STXBP1 encephalopathy

Hannah Stamberger, Marina Nikanorova, Marjolein H. Willemsen, P. Accorsi, Marco Angriman, Hartmut Baier, Ira Benkel-Herrenbrueck, Valérie Benoit, Mauro Budetta, Almuth Caliebe, Gaetano Cantalupo, Giuseppe Capovilla, Gianluca Casara, Carolina Courage, Marie Deprez, Anne Destrée, Robertino Dilena, Corrie E. Erasmus, Madeleine Fannemel, Roar FjærLucio Giordano, Katherine L. Helbig, Henrike O. Heyne, Joerg Klepper, Gerhard Kluger, Damien Lederer, M. Lodi, Oliver Maier, Andreas Merkenschlager, Nina Michelberger, Carlo Minetti, H. Muhle, Judith Phalin, Keri Ramsey, Antonino Romeo, Jens Schallner, Ina Schanze, Marwan Shinawi, Kristel Sleegers, Katalin Štěrbová, Steffen Syrbe, M. Traverso, A. Tzschach, Peter Uldall, Rudy Van Coster, Helene Verhelst, Maurizio Viri, Susan Winter, Markus Wolff, Martin Zenker, Leonardo Zoccante, Peter De Jonghe, Ingo Helbig, Pasquale Striano, Johannes R. Lemke, Rikke S. Møller, Sarah Weckhuysen

Research output: Contribution to journalArticle

Abstract

Objective: To give a comprehensive overview of the phenotypic and genetic spectrum of STXBP1 encephalopathy (STXBP1-E) by systematically reviewing newly diagnosed and previously reported patients. Methods: We recruited newly diagnosed patients with STXBP1 mutations through an international network of clinicians and geneticists. Furthermore, we performed a systematic literature search to review the phenotypes of all previously reported patients. Results: We describe the phenotypic features of 147 patients with STXBP1-E including 45 previously unreported patients with 33 novel STXBP1 mutations. All patients have intellectual disability (ID), which is mostly severe to profound (88%). Ninety-five percent of patients have epilepsy. While one-third of patients presented with Ohtahara syndrome (21%) or West syndrome (9.5%), the majority has a nonsyndromic early-onset epilepsy and encephalopathy (53%) with epileptic spasms or tonic seizures as main seizure type. We found no correlation between severity of seizures and severity of ID or between mutation type and seizure characteristics or cognitive outcome. Neurologic comorbidities including autistic features and movement disorders are frequent. We also report 2 previously unreported adult patients with prominent extrapyramidal features. Conclusion: De novo STXBP1 mutations are among the most frequent causes of epilepsy and encephalopathy. Most patients have severe to profound ID with little correlation among seizure onset, seizure severity, and the degree of ID. Accordingly, we hypothesize that seizure severity and ID present 2 independent dimensions of the STXBP1-E phenotype. STXBP1-E may be conceptualized as a complex neurodevelopmental disorder rather than a primary epileptic encephalopathy.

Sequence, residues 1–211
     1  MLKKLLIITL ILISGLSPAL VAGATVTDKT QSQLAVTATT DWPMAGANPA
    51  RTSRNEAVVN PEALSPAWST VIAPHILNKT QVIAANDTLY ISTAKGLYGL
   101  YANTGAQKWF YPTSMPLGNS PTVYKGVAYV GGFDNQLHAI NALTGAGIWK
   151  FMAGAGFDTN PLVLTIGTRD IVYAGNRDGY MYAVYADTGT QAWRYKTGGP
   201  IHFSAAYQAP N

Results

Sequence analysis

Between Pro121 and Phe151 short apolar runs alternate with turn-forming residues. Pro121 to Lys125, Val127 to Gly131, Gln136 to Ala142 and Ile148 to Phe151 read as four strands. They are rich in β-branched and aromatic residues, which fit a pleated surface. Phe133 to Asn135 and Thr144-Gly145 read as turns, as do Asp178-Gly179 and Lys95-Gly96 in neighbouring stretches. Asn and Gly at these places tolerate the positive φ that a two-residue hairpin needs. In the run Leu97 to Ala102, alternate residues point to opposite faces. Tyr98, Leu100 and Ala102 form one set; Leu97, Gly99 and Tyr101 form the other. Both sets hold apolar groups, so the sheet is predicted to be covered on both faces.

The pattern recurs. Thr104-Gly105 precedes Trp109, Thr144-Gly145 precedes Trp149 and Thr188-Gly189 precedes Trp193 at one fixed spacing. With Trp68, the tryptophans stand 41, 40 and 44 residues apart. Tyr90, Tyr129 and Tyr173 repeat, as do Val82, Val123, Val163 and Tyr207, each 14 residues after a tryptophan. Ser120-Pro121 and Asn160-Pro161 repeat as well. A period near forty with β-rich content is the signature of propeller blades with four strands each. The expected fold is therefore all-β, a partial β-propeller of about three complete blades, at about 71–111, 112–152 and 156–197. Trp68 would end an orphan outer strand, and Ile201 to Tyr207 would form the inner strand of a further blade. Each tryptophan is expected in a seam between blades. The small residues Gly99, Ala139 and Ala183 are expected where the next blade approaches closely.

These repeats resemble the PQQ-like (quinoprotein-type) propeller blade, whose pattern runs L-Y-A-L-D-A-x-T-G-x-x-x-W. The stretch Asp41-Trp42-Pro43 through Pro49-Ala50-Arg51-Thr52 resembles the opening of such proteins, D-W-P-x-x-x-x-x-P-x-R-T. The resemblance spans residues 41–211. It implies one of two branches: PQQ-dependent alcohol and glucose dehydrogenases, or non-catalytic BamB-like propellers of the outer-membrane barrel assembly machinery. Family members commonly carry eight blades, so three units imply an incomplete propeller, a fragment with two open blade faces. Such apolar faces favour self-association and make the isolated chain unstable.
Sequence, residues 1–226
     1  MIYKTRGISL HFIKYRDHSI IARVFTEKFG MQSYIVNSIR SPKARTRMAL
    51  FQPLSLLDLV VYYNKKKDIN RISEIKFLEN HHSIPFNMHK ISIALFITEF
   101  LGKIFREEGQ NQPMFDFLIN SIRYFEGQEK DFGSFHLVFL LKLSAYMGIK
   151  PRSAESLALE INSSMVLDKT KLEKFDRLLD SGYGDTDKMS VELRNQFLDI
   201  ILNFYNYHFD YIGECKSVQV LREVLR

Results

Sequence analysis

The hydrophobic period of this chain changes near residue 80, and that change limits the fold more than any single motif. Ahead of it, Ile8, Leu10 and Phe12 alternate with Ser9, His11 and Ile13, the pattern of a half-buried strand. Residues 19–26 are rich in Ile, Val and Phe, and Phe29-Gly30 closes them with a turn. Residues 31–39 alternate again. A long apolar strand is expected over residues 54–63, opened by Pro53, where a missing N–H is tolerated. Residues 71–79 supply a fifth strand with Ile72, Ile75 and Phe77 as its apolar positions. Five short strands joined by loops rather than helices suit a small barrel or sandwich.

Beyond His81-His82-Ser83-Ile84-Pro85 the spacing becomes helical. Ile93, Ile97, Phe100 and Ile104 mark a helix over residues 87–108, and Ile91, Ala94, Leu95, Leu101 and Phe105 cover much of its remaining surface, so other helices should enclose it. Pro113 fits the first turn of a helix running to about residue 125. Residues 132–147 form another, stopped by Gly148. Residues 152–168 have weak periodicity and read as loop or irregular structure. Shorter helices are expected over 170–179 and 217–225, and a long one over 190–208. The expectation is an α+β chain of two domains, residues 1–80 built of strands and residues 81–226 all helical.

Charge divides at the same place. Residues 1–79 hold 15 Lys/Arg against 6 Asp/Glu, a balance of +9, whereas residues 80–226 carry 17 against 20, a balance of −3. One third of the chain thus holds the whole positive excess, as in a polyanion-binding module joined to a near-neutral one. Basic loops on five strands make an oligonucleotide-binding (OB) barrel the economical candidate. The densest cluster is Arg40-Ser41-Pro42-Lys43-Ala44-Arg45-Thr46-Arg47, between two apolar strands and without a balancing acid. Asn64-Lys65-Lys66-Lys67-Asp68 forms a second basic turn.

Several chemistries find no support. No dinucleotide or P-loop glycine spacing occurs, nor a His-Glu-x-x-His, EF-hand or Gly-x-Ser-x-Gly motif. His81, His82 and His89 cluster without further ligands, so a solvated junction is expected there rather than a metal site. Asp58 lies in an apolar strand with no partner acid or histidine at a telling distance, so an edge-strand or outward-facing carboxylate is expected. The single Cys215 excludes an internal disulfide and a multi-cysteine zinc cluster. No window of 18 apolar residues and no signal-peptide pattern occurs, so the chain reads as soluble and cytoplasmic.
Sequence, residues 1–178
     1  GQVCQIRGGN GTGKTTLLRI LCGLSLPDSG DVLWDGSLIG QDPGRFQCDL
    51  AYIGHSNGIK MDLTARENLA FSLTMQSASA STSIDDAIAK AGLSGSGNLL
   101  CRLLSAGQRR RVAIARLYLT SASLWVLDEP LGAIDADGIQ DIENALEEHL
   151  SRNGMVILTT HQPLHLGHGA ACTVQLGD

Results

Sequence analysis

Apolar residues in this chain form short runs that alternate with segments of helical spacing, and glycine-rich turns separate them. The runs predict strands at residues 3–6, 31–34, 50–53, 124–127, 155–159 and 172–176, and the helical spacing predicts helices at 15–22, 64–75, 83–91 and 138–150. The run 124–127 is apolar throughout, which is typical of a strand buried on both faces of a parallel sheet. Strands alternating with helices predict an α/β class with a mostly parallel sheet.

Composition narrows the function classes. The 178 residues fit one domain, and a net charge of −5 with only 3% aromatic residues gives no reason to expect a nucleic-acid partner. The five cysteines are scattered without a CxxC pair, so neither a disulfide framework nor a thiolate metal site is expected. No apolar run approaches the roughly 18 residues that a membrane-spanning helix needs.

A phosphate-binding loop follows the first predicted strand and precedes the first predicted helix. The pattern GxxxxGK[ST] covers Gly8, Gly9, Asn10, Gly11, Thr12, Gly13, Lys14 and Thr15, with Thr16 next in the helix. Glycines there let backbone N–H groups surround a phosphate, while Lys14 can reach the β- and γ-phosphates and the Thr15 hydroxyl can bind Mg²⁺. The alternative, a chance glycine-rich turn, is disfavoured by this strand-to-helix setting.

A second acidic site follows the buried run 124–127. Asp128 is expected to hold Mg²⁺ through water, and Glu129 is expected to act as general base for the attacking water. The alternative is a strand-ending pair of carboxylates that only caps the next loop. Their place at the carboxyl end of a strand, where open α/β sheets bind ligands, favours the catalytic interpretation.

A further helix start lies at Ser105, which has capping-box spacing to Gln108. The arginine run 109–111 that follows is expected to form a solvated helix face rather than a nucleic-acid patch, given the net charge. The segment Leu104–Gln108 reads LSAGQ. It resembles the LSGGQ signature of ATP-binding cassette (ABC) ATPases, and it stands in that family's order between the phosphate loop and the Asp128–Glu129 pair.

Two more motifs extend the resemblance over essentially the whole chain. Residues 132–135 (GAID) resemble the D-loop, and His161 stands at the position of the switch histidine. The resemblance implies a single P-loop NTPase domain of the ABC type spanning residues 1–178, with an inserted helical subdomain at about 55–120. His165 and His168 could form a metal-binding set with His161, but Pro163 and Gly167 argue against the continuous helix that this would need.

Original languageEnglish
Pages (from-to)954-962
Number of pages9
JournalNeurology
Volume86
Issue number10
DOIs
Publication statusPublished - Mar 8 2016

ASJC Scopus subject areas

  • Clinical Neurology

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  • Cite this

    Stamberger, H., Nikanorova, M., Willemsen, M. H., Accorsi, P., Angriman, M., Baier, H., Benkel-Herrenbrueck, I., Benoit, V., Budetta, M., Caliebe, A., Cantalupo, G., Capovilla, G., Casara, G., Courage, C., Deprez, M., Destrée, A., Dilena, R., Erasmus, C. E., Fannemel, M., ... Weckhuysen, S. (2016). STXBP1 encephalopathy. Neurology, 86(10), 954-962. https://doi.org/10.1212/WNL.0000000000002457